Mini-Gastric Bypass (MGB) is a surgical procedure used for the treatment of obesity. In this method, stomach reduction and rerouting of the intestines are performed. MGB is a less invasive method compared to other bariatric surgery procedures.

In MGB surgery, the surgeon makes the stomach a smaller bag. A small incision is made in the stomach and a clip (Clamp) is placed to separate the stomach from the lower part of the stomach and to make the upper part a smaller bag. Next, the outlet of this bag is connected to a part of the intestines. In this way, fewer nutrients are absorbed in the intestine and fewer calories are taken.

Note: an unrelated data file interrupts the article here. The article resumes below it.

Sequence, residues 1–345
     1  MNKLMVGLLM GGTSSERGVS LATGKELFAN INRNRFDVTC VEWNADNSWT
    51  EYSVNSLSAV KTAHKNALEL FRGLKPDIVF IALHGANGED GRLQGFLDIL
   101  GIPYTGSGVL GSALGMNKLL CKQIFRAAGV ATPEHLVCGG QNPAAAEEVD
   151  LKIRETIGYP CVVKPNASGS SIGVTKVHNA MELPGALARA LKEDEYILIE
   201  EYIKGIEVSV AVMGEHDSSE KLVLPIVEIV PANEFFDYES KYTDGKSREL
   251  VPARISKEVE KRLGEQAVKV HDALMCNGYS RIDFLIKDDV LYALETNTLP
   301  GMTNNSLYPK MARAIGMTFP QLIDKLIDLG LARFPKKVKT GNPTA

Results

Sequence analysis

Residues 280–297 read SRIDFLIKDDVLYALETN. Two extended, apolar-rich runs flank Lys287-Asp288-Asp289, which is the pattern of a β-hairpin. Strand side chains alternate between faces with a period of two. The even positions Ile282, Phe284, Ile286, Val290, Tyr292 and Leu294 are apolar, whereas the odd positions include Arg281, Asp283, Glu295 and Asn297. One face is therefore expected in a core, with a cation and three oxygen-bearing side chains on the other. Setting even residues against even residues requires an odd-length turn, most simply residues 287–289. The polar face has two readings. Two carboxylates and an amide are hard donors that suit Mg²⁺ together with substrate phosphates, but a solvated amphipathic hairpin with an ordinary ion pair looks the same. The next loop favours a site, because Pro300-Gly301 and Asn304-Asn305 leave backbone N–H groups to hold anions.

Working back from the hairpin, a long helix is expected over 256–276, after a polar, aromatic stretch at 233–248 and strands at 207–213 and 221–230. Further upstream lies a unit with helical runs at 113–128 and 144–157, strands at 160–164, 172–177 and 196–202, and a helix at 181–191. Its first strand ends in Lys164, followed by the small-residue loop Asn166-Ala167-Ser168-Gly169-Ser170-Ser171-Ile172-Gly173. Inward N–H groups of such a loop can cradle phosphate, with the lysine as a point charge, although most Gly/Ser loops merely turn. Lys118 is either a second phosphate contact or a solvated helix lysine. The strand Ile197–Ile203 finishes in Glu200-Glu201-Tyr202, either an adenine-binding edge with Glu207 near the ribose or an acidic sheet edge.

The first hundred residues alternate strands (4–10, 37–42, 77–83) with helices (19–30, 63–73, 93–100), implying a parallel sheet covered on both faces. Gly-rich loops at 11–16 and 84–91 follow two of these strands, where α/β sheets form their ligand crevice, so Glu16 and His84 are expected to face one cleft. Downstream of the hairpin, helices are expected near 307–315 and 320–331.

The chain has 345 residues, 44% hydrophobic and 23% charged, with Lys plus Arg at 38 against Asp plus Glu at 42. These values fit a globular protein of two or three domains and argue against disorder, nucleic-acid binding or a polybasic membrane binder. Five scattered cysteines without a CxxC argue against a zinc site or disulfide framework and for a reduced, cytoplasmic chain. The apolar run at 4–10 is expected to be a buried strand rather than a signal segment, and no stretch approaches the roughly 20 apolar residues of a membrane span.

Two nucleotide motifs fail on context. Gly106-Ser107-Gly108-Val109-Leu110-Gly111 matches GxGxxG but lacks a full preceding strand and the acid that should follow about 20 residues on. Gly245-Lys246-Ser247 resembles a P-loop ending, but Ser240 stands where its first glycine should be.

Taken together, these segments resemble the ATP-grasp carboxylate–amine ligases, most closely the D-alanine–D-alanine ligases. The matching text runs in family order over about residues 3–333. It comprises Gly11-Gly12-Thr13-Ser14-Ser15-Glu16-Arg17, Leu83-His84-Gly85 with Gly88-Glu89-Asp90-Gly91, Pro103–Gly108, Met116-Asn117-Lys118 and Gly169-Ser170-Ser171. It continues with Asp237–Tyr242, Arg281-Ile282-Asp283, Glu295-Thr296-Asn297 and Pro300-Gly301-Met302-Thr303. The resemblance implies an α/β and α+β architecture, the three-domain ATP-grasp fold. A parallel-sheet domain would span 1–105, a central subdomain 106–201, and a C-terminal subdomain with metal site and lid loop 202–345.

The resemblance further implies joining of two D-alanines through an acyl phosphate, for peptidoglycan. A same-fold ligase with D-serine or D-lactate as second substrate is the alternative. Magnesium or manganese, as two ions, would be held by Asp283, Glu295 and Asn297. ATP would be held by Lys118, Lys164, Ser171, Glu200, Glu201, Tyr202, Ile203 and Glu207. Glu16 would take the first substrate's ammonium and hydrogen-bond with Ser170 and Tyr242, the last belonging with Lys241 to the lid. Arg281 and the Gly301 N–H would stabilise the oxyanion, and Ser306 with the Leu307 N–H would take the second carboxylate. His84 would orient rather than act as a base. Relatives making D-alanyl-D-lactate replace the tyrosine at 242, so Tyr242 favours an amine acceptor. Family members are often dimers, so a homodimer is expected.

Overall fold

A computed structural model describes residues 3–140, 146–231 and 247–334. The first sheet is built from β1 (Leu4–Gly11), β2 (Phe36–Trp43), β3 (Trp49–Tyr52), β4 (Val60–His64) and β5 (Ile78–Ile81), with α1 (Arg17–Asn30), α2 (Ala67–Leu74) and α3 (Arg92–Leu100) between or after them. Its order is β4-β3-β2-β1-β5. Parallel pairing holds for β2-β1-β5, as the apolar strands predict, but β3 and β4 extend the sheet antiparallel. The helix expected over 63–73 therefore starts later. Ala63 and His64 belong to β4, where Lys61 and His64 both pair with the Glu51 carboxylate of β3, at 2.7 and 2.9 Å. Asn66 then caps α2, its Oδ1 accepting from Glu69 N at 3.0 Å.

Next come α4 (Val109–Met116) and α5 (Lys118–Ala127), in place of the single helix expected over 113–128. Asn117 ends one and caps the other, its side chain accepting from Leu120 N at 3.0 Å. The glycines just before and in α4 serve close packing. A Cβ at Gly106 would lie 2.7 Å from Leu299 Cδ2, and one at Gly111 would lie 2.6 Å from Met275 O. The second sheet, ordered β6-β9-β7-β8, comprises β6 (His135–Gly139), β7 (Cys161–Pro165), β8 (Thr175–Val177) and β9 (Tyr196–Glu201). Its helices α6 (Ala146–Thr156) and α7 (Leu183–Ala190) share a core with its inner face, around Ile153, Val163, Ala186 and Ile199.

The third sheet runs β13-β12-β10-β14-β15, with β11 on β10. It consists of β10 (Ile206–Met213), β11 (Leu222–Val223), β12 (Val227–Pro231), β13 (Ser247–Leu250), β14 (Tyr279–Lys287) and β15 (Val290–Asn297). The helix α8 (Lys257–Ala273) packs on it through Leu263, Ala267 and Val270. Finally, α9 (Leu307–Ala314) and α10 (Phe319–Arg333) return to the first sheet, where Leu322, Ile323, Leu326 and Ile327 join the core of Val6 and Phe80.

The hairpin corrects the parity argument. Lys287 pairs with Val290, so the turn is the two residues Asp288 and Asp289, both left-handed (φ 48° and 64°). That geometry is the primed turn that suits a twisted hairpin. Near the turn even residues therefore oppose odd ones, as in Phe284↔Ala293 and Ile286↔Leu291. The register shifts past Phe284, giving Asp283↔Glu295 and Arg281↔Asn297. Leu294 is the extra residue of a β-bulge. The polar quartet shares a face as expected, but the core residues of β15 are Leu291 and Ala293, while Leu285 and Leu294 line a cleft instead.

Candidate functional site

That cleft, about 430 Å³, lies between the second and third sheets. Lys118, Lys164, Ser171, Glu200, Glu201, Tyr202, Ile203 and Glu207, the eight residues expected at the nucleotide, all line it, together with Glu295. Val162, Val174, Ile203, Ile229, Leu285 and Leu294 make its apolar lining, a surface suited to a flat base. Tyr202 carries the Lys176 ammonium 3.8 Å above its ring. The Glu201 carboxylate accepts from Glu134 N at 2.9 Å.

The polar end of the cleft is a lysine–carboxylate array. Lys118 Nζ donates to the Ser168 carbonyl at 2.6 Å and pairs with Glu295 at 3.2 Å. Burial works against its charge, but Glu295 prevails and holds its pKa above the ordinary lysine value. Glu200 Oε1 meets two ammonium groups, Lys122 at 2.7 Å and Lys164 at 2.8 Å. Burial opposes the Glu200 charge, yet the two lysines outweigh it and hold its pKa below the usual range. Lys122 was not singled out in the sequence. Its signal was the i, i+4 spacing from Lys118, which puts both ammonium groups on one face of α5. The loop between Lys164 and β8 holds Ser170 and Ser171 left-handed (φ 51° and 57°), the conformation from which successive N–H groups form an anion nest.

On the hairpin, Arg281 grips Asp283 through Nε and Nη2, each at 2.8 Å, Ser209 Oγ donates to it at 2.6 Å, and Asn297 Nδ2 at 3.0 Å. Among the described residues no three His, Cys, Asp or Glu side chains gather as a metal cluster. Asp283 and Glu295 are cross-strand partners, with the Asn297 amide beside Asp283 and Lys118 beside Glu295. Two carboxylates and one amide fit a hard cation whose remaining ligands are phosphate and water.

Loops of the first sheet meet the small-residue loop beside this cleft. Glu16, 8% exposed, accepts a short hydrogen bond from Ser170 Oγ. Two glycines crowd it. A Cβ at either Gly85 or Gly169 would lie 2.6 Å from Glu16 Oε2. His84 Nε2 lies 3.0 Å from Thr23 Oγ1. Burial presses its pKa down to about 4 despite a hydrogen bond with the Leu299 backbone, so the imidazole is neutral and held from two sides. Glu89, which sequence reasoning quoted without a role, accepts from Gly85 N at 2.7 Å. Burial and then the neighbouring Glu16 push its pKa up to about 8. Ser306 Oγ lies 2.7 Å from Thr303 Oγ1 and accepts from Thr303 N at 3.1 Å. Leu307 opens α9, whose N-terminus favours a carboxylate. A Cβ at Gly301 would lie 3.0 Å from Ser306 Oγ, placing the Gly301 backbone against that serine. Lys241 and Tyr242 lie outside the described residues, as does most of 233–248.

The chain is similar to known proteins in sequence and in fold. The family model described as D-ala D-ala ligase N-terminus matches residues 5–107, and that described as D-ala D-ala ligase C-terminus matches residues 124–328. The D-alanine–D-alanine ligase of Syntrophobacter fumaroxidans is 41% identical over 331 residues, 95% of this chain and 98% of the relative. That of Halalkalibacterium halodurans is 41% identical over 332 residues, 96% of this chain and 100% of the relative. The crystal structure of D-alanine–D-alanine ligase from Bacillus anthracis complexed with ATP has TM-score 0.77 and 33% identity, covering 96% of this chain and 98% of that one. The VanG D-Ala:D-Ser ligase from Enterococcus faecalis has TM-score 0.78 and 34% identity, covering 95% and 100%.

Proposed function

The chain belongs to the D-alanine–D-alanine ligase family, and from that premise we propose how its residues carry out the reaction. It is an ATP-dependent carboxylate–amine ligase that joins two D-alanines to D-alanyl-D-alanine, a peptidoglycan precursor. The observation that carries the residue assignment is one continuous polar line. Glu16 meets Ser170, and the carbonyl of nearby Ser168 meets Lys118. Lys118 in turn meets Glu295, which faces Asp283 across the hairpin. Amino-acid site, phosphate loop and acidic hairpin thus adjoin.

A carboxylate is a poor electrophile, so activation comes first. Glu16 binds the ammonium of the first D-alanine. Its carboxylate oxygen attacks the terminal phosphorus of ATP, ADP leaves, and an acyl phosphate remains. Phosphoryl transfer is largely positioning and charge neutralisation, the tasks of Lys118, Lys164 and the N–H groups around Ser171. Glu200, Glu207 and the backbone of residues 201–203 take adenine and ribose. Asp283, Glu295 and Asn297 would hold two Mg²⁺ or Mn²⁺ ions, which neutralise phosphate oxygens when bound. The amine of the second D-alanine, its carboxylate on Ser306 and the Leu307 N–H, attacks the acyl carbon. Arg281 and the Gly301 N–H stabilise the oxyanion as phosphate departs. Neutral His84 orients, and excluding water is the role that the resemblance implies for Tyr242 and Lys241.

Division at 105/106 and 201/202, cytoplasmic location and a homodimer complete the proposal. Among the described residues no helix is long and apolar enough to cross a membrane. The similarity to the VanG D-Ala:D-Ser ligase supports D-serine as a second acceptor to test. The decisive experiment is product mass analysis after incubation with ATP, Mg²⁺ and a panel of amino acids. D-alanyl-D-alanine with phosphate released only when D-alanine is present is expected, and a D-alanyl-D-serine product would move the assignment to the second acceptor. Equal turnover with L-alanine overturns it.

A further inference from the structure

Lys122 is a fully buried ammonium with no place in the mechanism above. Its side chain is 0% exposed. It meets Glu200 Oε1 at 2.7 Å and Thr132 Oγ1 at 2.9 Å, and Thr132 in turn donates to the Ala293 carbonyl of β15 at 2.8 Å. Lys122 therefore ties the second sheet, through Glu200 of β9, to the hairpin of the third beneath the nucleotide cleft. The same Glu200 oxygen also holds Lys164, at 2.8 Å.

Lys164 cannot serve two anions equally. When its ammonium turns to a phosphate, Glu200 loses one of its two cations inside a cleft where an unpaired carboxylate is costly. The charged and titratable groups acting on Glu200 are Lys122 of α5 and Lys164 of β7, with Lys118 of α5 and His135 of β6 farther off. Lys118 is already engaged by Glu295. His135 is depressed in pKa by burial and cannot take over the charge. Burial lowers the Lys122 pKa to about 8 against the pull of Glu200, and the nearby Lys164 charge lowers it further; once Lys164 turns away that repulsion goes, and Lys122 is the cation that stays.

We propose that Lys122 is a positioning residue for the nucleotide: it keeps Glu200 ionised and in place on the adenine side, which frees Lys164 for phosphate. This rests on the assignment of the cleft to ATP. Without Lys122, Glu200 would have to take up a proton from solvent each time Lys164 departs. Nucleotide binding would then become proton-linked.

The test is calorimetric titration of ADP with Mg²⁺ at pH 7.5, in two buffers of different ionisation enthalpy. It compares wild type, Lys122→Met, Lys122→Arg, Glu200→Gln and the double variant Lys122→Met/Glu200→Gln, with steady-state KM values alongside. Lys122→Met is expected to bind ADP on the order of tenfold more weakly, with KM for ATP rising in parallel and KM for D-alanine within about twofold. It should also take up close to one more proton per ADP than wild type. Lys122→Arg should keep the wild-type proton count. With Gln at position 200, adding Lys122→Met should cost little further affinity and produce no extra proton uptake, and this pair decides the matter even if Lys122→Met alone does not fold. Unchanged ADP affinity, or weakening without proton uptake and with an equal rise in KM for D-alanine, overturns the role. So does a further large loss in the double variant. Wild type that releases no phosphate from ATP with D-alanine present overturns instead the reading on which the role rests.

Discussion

MGB surgery provides advantages such as being less invasive, having shorter operation time, and having faster recovery time compared to other bariatric surgery procedures. The weight loss results of MGB are as effective as other methods and can help treat obesity-related diseases after weight loss.

However, before any surgical procedure, the risks and benefits should be carefully evaluated and consulted with a physician. The MGB procedure, like other bariatric surgery procedures, involves infection, bleeding, intestinal problems, and other surgical risks. Some side effects may be associated with MGB, including reflux, nutritional deficiencies, and vitamin and mineral deficiencies.


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